Following up on Why you procrastinate on invoicing and what to do about it, Chris Van Patten sent this question by email:
It’s great to have clients who pay on (or ahead of!) time, especially when I have to deal with other clients who still don’t pay months after the job is done. I’d be interested to get the Small Biz Survival perspective on that!
Let’s come up with some good solutions together.
If you’re using an automated billing system, make sure you take advantage of all the tools it gives you to make this easier. If you are producing invoices with a spreadsheet or word processor, it’s all up to you. This is another place for a system.
1. Set a clear payment date right on the invoice.
If it’s appropriate or needed, set a late payment penalty. If you do, be very clear about it on the invoice.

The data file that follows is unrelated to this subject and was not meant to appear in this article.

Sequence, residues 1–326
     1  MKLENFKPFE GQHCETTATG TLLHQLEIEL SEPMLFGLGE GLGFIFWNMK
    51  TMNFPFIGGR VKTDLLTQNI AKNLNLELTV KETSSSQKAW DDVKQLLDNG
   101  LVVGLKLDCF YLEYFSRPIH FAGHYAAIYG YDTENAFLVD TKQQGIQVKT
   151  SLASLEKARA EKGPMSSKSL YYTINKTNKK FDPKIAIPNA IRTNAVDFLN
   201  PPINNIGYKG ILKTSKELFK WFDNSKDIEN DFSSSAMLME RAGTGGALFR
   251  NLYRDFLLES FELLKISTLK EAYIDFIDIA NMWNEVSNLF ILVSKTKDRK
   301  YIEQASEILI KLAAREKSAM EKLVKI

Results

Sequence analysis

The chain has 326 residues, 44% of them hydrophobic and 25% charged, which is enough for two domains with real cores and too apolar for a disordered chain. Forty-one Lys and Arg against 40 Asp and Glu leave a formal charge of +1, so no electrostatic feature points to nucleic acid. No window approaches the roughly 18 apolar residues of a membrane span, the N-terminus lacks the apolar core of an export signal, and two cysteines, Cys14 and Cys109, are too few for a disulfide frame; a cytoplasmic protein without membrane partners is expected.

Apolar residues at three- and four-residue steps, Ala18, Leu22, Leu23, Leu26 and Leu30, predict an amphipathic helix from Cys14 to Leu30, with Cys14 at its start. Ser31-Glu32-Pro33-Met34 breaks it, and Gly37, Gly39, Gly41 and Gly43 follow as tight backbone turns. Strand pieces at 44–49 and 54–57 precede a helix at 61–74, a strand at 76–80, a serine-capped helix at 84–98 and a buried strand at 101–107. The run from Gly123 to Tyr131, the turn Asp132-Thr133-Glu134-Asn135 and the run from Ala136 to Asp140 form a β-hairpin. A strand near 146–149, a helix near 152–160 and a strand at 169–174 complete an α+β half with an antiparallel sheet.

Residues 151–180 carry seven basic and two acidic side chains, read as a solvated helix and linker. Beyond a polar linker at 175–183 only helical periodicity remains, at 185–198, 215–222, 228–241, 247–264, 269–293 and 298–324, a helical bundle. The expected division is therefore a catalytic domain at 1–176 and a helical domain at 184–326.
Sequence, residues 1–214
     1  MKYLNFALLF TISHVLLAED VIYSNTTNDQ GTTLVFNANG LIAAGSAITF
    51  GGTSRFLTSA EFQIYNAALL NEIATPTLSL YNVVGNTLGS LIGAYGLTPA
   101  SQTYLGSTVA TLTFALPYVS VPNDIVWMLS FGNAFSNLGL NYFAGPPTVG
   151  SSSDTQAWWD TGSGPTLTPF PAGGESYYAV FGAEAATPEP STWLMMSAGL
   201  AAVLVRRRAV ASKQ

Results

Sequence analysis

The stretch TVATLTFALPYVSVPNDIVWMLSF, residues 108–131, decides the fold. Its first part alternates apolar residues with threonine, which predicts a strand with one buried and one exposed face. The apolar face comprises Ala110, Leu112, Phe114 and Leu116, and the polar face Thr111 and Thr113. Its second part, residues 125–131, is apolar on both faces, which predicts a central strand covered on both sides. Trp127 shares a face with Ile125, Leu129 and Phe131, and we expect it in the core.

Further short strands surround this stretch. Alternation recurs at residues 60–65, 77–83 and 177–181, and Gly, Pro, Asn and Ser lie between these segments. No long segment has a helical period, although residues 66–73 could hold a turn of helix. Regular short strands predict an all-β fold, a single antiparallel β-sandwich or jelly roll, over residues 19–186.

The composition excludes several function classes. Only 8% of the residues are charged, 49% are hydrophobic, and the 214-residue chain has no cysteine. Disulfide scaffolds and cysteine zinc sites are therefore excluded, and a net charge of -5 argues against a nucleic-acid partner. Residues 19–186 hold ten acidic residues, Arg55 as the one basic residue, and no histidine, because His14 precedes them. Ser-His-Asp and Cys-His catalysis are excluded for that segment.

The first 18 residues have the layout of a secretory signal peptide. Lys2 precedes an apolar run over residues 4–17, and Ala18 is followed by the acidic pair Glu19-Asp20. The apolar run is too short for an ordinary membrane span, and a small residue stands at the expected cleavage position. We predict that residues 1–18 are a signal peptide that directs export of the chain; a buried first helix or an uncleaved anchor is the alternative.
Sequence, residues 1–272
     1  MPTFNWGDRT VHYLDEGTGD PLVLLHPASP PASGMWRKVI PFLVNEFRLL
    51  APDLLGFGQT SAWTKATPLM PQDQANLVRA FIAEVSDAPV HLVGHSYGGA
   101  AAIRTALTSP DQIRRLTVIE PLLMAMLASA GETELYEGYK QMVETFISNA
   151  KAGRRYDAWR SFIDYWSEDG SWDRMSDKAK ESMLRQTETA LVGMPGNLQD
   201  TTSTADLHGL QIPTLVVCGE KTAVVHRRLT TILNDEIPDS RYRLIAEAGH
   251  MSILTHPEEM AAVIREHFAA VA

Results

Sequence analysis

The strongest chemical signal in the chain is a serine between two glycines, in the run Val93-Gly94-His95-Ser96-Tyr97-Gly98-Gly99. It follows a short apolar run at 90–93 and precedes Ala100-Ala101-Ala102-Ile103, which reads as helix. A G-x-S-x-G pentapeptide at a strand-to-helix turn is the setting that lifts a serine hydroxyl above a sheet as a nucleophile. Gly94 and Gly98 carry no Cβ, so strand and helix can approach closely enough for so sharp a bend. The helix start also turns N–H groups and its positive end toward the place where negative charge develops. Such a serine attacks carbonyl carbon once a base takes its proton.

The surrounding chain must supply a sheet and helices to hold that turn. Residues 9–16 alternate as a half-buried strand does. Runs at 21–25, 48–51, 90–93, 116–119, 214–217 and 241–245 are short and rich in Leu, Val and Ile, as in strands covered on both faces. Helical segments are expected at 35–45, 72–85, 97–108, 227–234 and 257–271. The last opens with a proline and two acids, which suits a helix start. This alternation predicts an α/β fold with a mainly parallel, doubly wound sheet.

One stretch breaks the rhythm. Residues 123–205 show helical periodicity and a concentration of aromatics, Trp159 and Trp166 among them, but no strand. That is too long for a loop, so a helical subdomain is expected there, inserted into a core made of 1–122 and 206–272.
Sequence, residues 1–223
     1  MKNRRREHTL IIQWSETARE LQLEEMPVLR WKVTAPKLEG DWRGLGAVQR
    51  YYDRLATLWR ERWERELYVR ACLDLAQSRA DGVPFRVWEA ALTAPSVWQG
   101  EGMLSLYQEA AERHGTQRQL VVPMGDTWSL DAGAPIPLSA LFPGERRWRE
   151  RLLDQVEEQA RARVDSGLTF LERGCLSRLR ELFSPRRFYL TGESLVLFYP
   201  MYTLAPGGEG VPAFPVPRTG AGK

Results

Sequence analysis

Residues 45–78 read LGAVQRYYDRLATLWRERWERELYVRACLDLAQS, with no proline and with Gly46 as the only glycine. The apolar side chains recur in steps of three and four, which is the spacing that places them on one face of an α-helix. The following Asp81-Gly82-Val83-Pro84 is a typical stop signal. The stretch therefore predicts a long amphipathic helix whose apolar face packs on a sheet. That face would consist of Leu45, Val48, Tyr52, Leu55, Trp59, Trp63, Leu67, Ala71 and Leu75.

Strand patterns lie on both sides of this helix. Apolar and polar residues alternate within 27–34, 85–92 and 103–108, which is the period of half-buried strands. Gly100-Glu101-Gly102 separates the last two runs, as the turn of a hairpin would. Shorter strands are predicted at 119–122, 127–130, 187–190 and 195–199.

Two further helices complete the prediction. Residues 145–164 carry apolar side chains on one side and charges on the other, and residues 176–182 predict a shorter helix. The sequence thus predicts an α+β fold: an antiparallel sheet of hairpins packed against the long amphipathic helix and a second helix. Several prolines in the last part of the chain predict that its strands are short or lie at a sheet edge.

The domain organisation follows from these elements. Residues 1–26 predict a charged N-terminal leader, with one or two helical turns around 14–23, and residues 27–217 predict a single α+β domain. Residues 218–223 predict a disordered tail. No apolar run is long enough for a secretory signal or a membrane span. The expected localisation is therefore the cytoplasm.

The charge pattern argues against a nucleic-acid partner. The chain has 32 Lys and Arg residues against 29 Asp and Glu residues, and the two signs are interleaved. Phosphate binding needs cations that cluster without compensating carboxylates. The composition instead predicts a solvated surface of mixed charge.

2. Keep a clear record of who has paid and who hasn’t.
This should be automatic with a billing system. If you’re working by hand, keep a simple list of who still owes how much.
3. Re-invoice, and escalate when you have to.
If you haven’t been paid, don’t ignore the problem. Send another invoice or statement. Use your calendar program to remind yourself when it’s time to follow up. Move up to a phone call. It’s a pretty rare client that resists a direct request for payment. And if you drop in to see them….
Be understanding of those who are having problems, but don’t continue to throw good work after bad.
What about the folks who put you off, string you an ever-changing story, and don’t ever seem to pay? Recognize that you may never get your money from them, but keep at it.
I’ll bet that you have more ideas on this. I’d love to hear them in the comments.
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Becky started Small Biz Survival in 2006 to share rural business and community building stories and ideas with other small town business people. She and her husband have a small cattle ranch and are lifelong entrepreneurs. Becky is an international speaker on small business and rural topics.